Among the many great things about the approaching start of football season is that teams can finally stop snarling at each other and shift their anger to upcoming opponents.
As it should be.
Summer's sizzling temperatures often light the fuse to football's hottest tempers as college and pro teams go through the annual grind of getting in shape. And when players cross the line during training, they run the risk of trespassing on a teammate's well-being.
The college and pro games have seen two prime examples of that this summer.
On Aug. 10, Florida State head coach Jimbo Fisher exiled defensive back Jalen Ramsey from practice because of a series of too-physical plays. The most egregious of them landed Jameis Winston on the ground, which isn't how the Seminoles want their Heisman Trophy-winning quarterback treated.
Fisher immediately put his talented sophomore on a short leash, telling reporters, "He was told not to do something, and he defied me. We'll judge from there. He'll decide if he wants to play at Florida State."
The most prominent pro example came in early August, when the Chicago Bears suspended tight end Martellus Bennett for six days for initiating a brawl with rookie cornerback Kyle Fuller.
Bennett, apparently riled by the first-round pick's attempt to strip a ball loose, slammed Fuller to the ground. Bennett further exacerbated the situation with his unapologetic stance afterward.
I come to training camp for one reason and that's to prepare to win a championship. I play hard and go hard every single day. I'm probably one of the most violent people on the field. That's just my style of play. I'm going to continue to play the same way I always play. That's what I'm here for.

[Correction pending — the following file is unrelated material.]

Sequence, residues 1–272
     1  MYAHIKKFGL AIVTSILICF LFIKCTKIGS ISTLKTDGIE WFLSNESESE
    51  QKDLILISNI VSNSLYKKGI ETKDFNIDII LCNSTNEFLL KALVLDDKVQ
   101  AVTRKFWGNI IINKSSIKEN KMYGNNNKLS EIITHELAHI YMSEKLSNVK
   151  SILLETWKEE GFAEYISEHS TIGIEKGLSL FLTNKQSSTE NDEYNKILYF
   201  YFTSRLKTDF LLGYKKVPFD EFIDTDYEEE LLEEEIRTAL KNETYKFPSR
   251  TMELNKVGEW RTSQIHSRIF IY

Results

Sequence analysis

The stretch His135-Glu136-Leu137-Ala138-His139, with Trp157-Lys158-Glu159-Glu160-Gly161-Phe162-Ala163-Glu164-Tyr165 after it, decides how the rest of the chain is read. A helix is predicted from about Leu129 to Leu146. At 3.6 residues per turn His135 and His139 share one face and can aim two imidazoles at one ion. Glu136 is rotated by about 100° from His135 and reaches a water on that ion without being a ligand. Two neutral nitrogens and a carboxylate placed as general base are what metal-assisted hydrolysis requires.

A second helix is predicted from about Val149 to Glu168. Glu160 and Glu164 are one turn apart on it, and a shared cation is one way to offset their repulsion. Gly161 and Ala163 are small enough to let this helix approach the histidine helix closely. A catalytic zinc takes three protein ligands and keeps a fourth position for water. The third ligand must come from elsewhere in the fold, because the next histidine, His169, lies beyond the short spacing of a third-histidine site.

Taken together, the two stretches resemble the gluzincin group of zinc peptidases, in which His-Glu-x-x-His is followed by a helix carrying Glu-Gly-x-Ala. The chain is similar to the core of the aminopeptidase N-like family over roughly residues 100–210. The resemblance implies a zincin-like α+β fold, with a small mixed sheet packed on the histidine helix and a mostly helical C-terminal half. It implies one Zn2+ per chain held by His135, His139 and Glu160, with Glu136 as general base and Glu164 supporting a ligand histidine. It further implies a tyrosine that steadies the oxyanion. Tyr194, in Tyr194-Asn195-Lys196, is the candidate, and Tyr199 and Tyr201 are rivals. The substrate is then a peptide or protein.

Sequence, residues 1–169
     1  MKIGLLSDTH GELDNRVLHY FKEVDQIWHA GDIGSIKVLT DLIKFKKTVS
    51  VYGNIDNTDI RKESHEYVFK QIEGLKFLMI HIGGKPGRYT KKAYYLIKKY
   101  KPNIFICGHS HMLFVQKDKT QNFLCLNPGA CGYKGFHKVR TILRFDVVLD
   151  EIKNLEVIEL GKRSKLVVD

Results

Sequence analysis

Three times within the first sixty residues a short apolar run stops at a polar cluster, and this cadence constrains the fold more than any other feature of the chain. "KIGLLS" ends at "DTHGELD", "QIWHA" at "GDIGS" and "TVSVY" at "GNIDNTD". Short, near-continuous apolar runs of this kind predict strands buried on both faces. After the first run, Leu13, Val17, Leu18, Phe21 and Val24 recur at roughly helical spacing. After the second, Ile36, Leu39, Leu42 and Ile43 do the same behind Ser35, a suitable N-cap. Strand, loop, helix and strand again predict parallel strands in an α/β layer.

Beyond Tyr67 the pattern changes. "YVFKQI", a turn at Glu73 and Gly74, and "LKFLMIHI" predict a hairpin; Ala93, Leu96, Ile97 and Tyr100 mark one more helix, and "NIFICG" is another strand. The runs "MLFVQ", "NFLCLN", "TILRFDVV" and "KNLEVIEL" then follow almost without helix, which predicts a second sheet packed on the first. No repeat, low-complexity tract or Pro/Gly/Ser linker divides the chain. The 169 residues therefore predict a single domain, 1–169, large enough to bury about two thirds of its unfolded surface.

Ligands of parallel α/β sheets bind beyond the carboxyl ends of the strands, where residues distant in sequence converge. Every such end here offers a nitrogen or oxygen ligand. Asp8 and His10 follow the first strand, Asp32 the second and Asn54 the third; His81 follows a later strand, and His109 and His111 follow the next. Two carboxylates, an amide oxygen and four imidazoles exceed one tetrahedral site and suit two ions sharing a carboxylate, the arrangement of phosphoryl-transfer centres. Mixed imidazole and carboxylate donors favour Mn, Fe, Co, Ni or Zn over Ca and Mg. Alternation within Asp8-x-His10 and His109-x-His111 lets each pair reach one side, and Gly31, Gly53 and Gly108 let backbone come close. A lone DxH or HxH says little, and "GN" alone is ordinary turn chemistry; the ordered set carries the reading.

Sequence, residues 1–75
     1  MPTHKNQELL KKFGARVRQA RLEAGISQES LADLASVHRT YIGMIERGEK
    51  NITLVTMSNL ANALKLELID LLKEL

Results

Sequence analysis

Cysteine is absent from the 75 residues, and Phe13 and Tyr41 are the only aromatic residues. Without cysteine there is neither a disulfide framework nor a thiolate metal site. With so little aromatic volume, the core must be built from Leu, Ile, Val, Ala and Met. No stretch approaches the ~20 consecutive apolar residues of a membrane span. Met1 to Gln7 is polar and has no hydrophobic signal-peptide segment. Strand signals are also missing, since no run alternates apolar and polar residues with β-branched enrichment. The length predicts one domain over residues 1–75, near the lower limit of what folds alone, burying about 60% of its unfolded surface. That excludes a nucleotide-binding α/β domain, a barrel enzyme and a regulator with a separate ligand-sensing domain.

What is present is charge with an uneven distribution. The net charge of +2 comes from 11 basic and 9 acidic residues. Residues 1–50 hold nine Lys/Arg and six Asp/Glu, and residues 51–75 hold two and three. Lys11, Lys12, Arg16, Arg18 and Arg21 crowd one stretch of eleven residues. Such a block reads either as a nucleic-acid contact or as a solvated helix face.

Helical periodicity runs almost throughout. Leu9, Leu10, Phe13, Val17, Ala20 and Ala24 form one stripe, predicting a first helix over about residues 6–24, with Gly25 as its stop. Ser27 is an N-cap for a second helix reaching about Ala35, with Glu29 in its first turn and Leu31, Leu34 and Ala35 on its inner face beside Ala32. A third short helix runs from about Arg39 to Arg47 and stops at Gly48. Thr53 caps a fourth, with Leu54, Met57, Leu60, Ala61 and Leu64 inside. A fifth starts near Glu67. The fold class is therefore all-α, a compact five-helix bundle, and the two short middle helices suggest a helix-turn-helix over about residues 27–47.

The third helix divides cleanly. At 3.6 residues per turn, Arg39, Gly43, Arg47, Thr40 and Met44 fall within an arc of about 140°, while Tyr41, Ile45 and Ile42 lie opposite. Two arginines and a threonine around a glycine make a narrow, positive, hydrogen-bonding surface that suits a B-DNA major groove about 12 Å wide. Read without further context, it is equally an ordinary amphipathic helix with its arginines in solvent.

Both of those players were guilty of the type of behavior that leads to game-turning penalties for personal fouls, and no team can allow that.
But some graduates of football's Old School also have to be chuckling to themselves about the desire of modern-day coaches to get through this grueling time of year without an occasional explosion.
Coaches can preach team chemistry all they want, but an extended slate of two-a-days in full pads under an August sun has always been a formula for fisticuffs.
Each and every day, the same cast of characters eye each other from across the line, a kind of repetition that breeds ferocity. This stretch of football really shouldn't be referred to as "practice" or "training." It's survival time.
In the pros, there's a world of difference between the bank accounts of starters and second-teamers. In the college game, a player has little prospect of catching the eyes of NFL scouts unless he's at least the best guy on his team at his position.
And yeah, proving one's worth means outplaying teammates, and that's where the grudges begin. On days when rosters are about to be pared, who can blame a player who's on the bubble for assuming the attitude of a young Mike Tyson entering the ring?
There's only so much bread on the table, and you never hear of anyone getting their share because they said, "Pretty please."
Are fights at summer practices a problem for football teams?
So it's been somewhat amusing to see at least two NFL head coaches get riled this summer when their defensive and offensive units went at it.